Analysis: S&P 500 earnings look rosy on 2011 overseas sales

By Caroline Valetkevitch

NEW YORK (BestGrowthStock) – The U.S. economy may sleepwalk its way to recovery next year, but corporate earnings are set for a record 2011 thanks to strengthening overseas demand.

Overseas sales, particularly in emerging markets, will be key for profits for many U.S. companies in 2011, and sectors that have outperformed this year are expected to remain top bets, based on strong demand from emerging economies.

“Part of the growth profile for U.S. corporations … is their exposure to global economies, particularly emerging economies,” said Hank Smith, chief investment officer at Haverford Trust Co in Philadelphia.

Standard & Poor’s 500 companies (.SPX: ) are expected to earn a record $95.98 per share in 2011, based on Thomson Reuters data. That would exceed the 2006 per-share record of $88.12.

Overall earnings growth for S&P 500 companies is forecast at 13 percent, compared with the 37.5 percent estimate for 2010, according to John Butters, Thomson Reuters director of U.S. earnings. He cited more difficult year-over-year comparisons.

Estimated per-share earnings for 2010 are $84.75.

S&P 500 foreign sales and overseas pre-tax income have risen sharply over the last decade. Technology, materials, energy and industrials are the sectors with the highest foreign sales, according to Bank of America-Merrill Lynch research.

The materials sectors is expected to lead earnings, with growth of 29.9 percent in 2011, followed by financials and energy.

This year, the industrials and materials sectors are the second- and third-best S&P 500 sectors in terms of year-to-date performance, after consumer discretionaries.

Industrials (.GSPI: ) are up 22.7 percent, while materials (.GSPM: ) are up 17.2 percent.

Consumer discretionaries (.GSPD: ) are up more than 25 percent to lead the S&P in 2010. However, materials have taken off since the beginning of September, rising 21 percent, driven by strong earnings outlooks and rising commodities prices.

The materials sector has the second-largest increase in 12-month earnings expectations over the last 30 days, at 1.6 percent, just behind energy, at 1.7 percent, according to data from Thomson Reuters’ StarMine.

Among the materials sector’s leaders this year is DuPont (DD.N: ), up 48 percent in 2010. It scores 95 out of 100 in Starmine’s value/momentum model, which measures various market signals to gauge the trend in a company’s shares. North American stocks with a “Val-Mo” score of 90 or above rose an average of 29 percent over a 60-day period, based on a 10-year backtest.

Investors have been flocking to shares in the sector that display strong momentum for more gains. Names with scores at or near 90 include Dover Corp (DOV.N: ), Caterpillar (CAT.N: ) and Freeport McMoRan Copper and Gold Inc (FCX.N: ).


U.S. companies are seeing a larger part of their sales come from emerging economies such as Brazil, India and China. Earnings estimates for 2011 are factoring in higher revenue from those markets, said Thomson Reuters Butters.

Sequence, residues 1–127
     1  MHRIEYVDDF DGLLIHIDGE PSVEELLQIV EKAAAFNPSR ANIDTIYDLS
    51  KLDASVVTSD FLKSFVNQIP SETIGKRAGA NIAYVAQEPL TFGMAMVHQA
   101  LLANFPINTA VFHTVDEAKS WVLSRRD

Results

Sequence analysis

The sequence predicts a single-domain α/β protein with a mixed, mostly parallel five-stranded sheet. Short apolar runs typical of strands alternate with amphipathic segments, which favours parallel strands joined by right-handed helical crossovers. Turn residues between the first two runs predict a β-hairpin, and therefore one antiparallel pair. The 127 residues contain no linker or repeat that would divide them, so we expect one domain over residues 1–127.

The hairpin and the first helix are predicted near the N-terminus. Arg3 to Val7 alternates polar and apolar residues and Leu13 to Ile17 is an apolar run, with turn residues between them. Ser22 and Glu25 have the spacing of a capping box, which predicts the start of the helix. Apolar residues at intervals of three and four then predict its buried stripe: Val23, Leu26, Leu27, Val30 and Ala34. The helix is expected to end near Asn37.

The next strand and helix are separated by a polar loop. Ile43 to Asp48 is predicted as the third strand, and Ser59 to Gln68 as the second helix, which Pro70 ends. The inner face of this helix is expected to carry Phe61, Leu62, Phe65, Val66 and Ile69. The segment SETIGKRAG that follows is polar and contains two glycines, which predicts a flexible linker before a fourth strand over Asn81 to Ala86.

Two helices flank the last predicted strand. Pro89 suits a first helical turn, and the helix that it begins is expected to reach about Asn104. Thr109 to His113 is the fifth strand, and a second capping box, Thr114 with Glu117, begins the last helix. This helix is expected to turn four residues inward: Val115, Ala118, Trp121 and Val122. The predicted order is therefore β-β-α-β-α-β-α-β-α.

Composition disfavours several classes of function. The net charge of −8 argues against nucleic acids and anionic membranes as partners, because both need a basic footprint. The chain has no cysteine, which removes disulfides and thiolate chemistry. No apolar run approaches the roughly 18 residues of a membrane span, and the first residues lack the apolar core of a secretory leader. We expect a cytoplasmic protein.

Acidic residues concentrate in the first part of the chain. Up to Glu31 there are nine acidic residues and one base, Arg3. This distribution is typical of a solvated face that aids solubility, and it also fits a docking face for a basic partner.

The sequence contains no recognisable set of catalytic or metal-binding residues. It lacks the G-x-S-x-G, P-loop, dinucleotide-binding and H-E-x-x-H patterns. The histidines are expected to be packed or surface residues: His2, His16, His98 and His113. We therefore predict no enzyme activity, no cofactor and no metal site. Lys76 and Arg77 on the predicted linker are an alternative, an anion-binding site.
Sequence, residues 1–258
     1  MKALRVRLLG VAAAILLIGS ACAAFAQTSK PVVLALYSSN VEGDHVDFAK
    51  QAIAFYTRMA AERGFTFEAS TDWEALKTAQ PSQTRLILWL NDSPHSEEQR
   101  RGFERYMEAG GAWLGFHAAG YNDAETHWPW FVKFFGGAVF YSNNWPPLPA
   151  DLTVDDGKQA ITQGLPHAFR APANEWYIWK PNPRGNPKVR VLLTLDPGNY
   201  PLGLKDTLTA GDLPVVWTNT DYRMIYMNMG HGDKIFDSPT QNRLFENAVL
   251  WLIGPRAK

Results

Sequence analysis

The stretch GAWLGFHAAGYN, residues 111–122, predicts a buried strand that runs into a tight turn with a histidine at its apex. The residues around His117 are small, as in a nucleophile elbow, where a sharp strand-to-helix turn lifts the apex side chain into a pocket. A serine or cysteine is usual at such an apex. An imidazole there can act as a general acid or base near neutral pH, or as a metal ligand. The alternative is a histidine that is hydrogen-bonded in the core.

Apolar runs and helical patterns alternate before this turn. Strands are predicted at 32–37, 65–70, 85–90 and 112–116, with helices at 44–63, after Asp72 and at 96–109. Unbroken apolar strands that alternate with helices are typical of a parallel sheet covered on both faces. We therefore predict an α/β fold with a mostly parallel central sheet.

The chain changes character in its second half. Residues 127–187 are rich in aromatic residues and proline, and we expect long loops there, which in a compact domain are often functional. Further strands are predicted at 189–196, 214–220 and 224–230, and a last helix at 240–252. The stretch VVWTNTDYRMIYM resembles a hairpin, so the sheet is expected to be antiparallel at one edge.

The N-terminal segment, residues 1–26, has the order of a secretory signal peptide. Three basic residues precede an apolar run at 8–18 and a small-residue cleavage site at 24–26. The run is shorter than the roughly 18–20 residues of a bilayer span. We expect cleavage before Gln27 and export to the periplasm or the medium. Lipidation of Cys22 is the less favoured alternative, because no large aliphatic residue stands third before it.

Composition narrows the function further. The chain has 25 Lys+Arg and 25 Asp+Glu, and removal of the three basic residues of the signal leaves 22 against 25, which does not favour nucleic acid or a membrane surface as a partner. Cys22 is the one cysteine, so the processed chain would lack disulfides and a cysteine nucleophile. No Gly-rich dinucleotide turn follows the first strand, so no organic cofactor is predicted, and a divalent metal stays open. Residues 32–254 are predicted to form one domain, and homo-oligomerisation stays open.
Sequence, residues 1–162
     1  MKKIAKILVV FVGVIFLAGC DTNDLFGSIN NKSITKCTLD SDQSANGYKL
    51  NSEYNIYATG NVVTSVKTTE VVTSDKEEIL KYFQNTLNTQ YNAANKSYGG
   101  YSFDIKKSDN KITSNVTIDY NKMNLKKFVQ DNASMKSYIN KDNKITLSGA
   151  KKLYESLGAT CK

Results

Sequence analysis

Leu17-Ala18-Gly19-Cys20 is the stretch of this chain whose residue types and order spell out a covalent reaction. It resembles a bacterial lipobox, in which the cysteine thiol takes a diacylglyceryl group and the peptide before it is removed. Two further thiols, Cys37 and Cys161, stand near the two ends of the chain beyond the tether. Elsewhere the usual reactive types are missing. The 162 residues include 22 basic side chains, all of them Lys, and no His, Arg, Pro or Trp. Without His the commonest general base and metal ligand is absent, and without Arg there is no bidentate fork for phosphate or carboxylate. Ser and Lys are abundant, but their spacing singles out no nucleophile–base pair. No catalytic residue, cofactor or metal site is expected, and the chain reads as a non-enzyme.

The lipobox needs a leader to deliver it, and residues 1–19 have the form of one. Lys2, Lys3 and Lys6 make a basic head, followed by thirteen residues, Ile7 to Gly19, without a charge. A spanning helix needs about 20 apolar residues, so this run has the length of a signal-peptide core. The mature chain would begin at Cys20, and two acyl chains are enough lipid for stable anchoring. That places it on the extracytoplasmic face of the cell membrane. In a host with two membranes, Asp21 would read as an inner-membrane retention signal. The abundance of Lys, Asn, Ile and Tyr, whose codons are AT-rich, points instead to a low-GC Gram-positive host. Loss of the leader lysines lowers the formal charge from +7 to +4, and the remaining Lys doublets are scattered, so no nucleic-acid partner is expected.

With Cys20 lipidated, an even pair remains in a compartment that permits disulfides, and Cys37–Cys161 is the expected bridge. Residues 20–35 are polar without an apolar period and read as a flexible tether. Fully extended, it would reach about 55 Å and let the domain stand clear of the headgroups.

The U.S. economy is expected to register gross domestic product growth of 2.7 percent in 2011, according to Reuters data, with the U.S. unemployment rate remaining high, at 9.8 percent. While the GDP forecast is still among the highest for developed economies, it is well below that of some emerging markets.

Global GDP growth for 2011 is forecast at 4.8 percent and emerging and developing economies at 6.4 percent, according to the latest International Monetary Fund figures published in October. Bank of America Merrill Lynch analysts said emerging markets will account for 80 percent of global growth in 2011.

“Developing economies are leading developed economies, so part of our emphasis is we’re going to show a preference toward those companies that have exposure to emerging markets,” said Haverford Trust’s Smith.

His firm recently bought shares of Whirlpool Corp (WHR.N: ) with emerging market growth in mind, and he also likes DuPont, Caterpillar and United Technologies (UTX.N: ).

The average percentage of international revenue for S&P 500 companies in 2009 was 29.5 percent, according to data from Bespoke Investments Group in Harrison, New York. Data for 2010 was not yet available.

Caterpillar, up about 64 percent since the start of the year, said in its most recent earnings statement that developing countries, including China, India and Indonesia, accounted for about half the growth in quarterly machinery sales.

“Corporate America has done, and in my opinion will continue to do, a really great job of managing their businesses in a mixed economic environment,” Bob Doll, vice chairman at BlackRock Inc (BLK.N: ), said at the recent Reuters Investment Outlook 2011 summit.

“Part of the way they have done that is what they do outside the United States.”

The S&P 500 is up about 85 percent since March 2009 and about 12 percent for 2010. It is forecast to end 2011 at 1,325, according to the median Thomson Reuters estimate.

(Editing by Dan Grebler)

Analysis: S&P 500 earnings look rosy on 2011 overseas sales